Magnolia Electric Co. with Michael Taylor of Hiss Golden Messenger
The Pinhook, Durham
Wednesday, Jan. 8
It’s hard to leave home sometimes, isn’t it? Especially during a week where the temperatures dipped and stayed at levels that meteorologists say might become a new area benchmark
, and especially during a week when you’re still clinging to resolutions
about drinking less and sleeping more, peeling yourself from the couch or extracting yourself from the easy chair can feel like real manual labor. At that point, you still haven’t left the house, either.
Michael Taylor, who lives in his Durham home with his wife and two kids, briefly acknowledged this mid-winter difficulty from the stage Wednesday night at The Pinhook. “I don’t think I’ve ever seen The Pinhook like this,” he said, pausing before his qualification, “on a Wednesday night.” Despite all those external factors of time and season, the Main Street room was uncomfortably but happily full, conditions that turned little-used corners of the room into the night’s necessary nests.
The crowd had gathered to send Taylor and the five musicians who used to call themselves Songs: Ohio and then Magnolia Electric Co. on their way for a four-show trek into Chicago. They’re calling the tour Songs: Molina—A Memorial Electric Company
, in honor of Jason Molina, the band’s late leader who died almost a year ago after ceding a decade-long quarrel with alcoholism.
Taylor, who stepped into Molina’s very large and subtle role, sang most of the songs. The five men who once formed Molina’s musical backbone had flown into Durham from various corners of the country to rehearse for a few days. There was Pete Schreiner on bass and Jason Groth on guitar, both sporting their familiar curls. Mark Rice, straightfaced and clad in a bolo tie, played drums, while Mikey Kapinus returned to the keys. Hidden at stage right, Mike Brenner amplified the hurt of Molina’s revisited loneliness, his steel guitar sighing in the quiet moments and sometimes screaming during the more paroxysmal bits.
Given the circumstances, the ad hoc sextet made for a wonderful band. Taylor did not try to mimic Molina so much as channel him, folding the former frontman’s cadences and phrasings into his own peculiar tone. When Taylor sang the stormy “Farewell Transmission,” for instance, he walked some unseen boundary between anger and isolation, his voice stern but soft, too. The 13-song set (which you can hear in full here
) ended with “John Henry Split My Heart,” the gentle-to-jarring anthem that serves as the soul of the album Magnolia Electric Co.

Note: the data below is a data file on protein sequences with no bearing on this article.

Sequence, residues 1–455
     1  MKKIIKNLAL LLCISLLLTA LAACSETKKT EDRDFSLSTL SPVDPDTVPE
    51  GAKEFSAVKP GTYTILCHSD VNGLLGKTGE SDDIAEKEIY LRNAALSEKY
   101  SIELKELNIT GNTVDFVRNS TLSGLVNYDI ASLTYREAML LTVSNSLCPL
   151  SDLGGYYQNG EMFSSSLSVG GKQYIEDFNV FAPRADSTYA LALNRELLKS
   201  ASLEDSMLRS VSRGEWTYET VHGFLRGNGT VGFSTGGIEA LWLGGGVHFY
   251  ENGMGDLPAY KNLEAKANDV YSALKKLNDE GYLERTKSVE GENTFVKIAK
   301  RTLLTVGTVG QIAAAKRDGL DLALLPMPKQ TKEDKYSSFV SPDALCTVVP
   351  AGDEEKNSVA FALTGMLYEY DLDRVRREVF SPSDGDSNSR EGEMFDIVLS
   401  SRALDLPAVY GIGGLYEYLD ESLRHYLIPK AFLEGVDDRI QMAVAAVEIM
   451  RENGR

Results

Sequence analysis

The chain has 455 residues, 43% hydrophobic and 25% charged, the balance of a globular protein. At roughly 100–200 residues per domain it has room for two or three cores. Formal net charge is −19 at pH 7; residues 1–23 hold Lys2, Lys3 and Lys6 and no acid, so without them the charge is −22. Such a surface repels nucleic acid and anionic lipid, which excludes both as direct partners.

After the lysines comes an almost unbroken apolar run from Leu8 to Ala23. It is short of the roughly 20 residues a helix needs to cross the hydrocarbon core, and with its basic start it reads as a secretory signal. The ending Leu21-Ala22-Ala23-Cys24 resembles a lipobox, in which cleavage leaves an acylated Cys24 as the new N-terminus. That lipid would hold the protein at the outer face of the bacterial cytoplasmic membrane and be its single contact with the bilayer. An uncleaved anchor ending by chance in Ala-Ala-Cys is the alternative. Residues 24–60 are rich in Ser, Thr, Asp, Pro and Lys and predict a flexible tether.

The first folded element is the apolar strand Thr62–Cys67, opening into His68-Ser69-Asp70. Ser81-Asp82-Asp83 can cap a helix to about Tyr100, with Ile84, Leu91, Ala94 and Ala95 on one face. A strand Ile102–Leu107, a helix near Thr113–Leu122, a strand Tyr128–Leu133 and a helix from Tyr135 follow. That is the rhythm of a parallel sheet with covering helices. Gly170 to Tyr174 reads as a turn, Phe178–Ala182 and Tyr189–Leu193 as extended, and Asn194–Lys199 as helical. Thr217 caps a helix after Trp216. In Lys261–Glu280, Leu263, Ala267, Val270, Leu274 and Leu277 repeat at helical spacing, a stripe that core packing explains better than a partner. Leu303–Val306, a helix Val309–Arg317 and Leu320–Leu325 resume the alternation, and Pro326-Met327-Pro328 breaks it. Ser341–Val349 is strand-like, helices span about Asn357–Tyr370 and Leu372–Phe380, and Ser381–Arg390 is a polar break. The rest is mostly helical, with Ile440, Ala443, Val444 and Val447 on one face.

The band moved wonderfully with Taylor, letting him lean deep into the phrases and dart back toward the top; they give him space, and he delivered these old songs with new, spirit-affirming enthusiasm.
But the night’s most rapturous moments came when one of the originals, drummer Mark Rice, would emerge from behind the kit and step to the front of the stage. That’s how the show started, after all, with a stirring and quiet “Whip-Poor-Will.” Before the song eased open, the crowd was all chatter; by the time Brenner finished his first steel ripples, you could hear your neighbor’s foot tap to the guitar's strum. That’s how the set peaked, too, albeit softly, with a take on “Leave the City” that was so tender and fragile it seemed to take the narrator’s heartbreak as a lifetime requisite.
Indeed, Molina’s music generally spoke of liminal sadness and regret, longing and encroaching shadows, making his music an apt counterpart for a show meant to bring closure to this music in light of his death. The band left any over-sentimentality offstage, then, or at the very least, in their own minds and in the words of Molina’s they sang. They had no need to recite the familiar morbid narratives, to say the typical things you hear at a graveside service, because it was preordained in the lyrics. Groth acknowledged that some of these songs were very hard to play and that it was an honor so many people had come to hear them. He made a point not to wallow in circumstances he could control. Taylor jocularly called Molina by his last name, suggesting a friend talking about a friend and not a living musician analyzing the ways of a dead peer.
That same feeling permeated the crowd, which was reverent and attentive but not overly so. Toward the center of the lot, one man pumped one fist in the air in time with every rocky climax. Elsewhere, people silently mouthed the words to themselves. Others stood with their heads cocked in attention, perhaps hearing these songs and their engrained ghosts for the first time. The show felt as much like an endnote, then, as much as it did an introduction, or reintroduction, to a wonderful body of work—an incredible excuse or leaving any house on a cold Wednesday night in January.